There is always a sense of pride when we see our country being at the top. Let it be sports, money, resources, economy, etc. But what happens when you hear that India is moving towards being the most populated country in the world? Is there still the same sense of pride, the same sense of superiority, and delight? No, there isn’t, and shouldn’t the alarming and incessant growth of population raise a serious economic problem in our country? There is an utmost probability that by 2030, India will overcome China in being the most populated country in the world. This prediction was before by the year 2050, but the increasing rate of the growing population has brought it down. Looking at the present stage, the more the people, the harder it gets to feed them all. Above all this, all plans made by the government have proven to be a failure. A country like ours which is rich in resources and minerals still has people who starve for days. Being a developing country, whatever progress we make, is taken up by the rising population.

There are measures taken by the government to create employment opportunities, but what’s the point when people exceed the opportunities with a greater scale every year. How can India be a developed country when there are strings pulling the development from the back? We say that the government is the major cause of rising unemployment, taxes, etc. But we don’t think sometimes government is helpless because of the people.

Now, because of overpopulation, there are several negative effects that have proven to be a barrier to economic growth and development, and I have tried to list most of them below:

  1. Unemployment: Everyone wants to work and provide their families with food and shelter, but because of the increased number of people seeking limited job opportunities and limited funds, it becomes difficult to give out employment to everyone. And as the number of people keeps increasing, the number of people unemployed also increases.
  2. Social Issues: As people from rural areas move to urban areas, they settle in slums and live in the most unhygienic conditions. As there are no jobs left for them, the crime rate increases, and due to overcrowding, traffic levels increase tremendously.
  3. Maternity Welfare: Population burst is the outcome of a high birth rate. An increase in the birth rate reduces the health and welfare of women. Frequent pregnancy is dangerous to the health of the mother and the child. Poor health leads to an increased death rate among women of reproductive age because of marriage at a juvenile age. Hence, we have to reduce the birth rate in order to keep women’s health better.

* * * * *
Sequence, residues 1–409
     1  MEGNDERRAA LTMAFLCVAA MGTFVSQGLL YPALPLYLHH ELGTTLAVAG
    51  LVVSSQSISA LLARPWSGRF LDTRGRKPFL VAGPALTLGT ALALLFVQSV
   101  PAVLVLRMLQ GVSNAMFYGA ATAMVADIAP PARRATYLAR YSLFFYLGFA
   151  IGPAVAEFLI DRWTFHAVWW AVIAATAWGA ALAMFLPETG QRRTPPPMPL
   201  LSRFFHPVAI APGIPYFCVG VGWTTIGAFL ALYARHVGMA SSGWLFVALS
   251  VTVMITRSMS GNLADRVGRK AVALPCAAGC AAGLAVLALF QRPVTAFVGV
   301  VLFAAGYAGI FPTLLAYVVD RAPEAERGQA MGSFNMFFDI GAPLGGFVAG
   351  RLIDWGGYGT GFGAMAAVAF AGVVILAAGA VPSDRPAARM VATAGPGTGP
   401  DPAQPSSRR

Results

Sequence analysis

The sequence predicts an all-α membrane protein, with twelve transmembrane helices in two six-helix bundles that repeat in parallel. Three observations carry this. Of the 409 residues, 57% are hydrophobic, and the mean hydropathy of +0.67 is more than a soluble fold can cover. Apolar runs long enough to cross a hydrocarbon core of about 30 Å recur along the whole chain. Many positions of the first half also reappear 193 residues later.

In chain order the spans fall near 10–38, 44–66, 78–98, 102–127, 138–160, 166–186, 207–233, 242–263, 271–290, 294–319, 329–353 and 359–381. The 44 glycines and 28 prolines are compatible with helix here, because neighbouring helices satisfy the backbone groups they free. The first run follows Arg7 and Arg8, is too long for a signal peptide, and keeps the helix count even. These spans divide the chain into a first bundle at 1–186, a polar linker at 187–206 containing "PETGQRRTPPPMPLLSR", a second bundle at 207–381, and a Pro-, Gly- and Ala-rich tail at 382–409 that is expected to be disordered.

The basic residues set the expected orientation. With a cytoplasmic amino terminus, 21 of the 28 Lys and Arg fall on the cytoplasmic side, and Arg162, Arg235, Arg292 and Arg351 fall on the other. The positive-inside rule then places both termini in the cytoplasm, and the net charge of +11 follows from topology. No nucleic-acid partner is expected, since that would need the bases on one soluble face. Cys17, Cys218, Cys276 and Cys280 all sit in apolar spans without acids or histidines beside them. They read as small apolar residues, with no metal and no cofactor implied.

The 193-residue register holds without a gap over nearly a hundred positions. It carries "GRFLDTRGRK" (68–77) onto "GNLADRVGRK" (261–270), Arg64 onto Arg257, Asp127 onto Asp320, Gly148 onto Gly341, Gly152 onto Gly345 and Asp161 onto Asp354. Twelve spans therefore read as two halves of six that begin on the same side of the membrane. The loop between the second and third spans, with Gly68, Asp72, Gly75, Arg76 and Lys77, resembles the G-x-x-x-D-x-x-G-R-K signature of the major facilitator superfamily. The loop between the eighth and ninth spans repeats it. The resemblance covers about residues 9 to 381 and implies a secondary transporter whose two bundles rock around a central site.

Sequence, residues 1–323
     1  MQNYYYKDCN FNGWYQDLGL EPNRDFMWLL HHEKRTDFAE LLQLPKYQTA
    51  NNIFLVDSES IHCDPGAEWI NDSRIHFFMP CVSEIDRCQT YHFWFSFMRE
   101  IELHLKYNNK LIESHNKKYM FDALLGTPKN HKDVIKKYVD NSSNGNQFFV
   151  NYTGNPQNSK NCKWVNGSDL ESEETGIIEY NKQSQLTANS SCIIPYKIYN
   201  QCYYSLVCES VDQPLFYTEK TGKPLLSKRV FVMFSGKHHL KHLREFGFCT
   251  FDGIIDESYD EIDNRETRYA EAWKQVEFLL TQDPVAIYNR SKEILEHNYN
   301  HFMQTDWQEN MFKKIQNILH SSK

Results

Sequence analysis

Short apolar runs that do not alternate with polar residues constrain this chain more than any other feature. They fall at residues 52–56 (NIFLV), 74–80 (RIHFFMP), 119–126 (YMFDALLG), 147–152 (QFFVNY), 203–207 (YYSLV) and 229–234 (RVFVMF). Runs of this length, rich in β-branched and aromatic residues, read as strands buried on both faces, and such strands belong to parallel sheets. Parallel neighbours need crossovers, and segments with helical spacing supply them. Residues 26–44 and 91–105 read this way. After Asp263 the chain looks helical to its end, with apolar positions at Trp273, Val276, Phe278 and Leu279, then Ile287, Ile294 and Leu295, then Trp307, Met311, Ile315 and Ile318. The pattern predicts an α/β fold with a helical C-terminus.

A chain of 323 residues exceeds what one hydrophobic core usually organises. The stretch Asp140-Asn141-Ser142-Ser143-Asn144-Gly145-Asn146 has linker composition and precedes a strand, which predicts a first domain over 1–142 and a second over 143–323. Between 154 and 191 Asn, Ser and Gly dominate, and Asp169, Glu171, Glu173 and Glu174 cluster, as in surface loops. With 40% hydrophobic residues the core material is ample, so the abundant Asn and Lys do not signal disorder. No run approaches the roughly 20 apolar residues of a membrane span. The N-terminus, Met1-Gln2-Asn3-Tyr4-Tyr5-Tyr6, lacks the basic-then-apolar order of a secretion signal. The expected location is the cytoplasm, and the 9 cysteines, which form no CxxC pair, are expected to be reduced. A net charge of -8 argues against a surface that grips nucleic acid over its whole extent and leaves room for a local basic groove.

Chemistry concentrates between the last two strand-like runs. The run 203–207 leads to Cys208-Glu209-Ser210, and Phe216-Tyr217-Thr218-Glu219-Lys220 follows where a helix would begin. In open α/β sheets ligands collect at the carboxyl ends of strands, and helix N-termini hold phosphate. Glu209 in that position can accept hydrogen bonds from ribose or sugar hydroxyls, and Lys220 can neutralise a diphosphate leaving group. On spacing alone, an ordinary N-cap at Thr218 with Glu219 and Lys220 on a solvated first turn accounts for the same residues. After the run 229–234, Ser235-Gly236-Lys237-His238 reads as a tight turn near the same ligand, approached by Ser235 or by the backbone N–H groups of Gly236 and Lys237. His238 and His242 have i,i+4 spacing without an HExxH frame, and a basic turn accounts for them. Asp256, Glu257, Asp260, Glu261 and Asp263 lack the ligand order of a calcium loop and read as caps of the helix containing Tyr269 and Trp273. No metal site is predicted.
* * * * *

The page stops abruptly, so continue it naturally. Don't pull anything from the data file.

4. Capital Formation: The composition of the population in India lowers the rate at which capital formation increases. A high birth rate and low expectancy of life mean more dependents in the total population. 35 percent of the population is composed of people less than the age of 14 in India and most of these are dependent on others for survival and growth. They are unproductive consumers. As these people don’t contribute to the family, it reduces the amount of income that could be saved. Hence, the rate of capital formation falls.
  5. Food Shortage: Not adequate food for everyone forces the under-developed countries to import it from different foreign countries which leads to spending extra on foreign exchange. Therefore, over-all development is compromised. Also, the shortage of food affects health and productivity, which decreases per capita income and therefore leads to poverty.
  6. Land: Rising rate of population growth leads to a decline in the per capita availability of land and adversely affects the economic development of the country.
  7. Standard Of Living: An increase in the population reduces the number of resources available. Even the bare necessities required to survive become hard to get, as they limit in quantity. India’s population grew at a 1.2% average annual rate according to the UN. Tonnes of cloth and food grains, lacs of houses, and additional jobs would be required every year to fulfill the basic necessities of people while the population keeps growing at this pace. And with finite resources fulfilling all the needs is impossible.
  8. Environment: More people means more usage of technology and high polluting devices. Excess usage leads to environmental degradation. This damages the biosphere and gives rise to more toxic wastes that can not be recycled. It lowers the rate of economic development and should be controlled effectively.
  9. Poverty: Rise in the number of members in the family gives rise to more expenditure. A large portion of the household income has to be spent to raise the kids. Because of this, it reduces savings and capital formation. For this reason, there’s no advancement in production techniques and the rate of productivity of labor declines.
  10. Investments: India’s population is growing at a rapid rate of 1.8% per year. This means that for everyone to have a decent living, even the per capita income needs to increase, which affects the growth rate of the economy.

There is no basic knowledge among the people that the more the people in the family, the more mouths there are to feed. People assume the fact that the more kids in the family, the more will be the family income in the future. This has blindfolded people that for a better future for the kids there should be a better present.

Population control is not only a concern of the government but also the people and has become a liability. We the people should try to educate the illiterate about family planning, birth control, to not inherit the desire to have a son, and also how the present should be better for a better future. If we want to be prosperous and self-sufficient, each individual must voluntarily get involved to bring control to this rise in the population of India.



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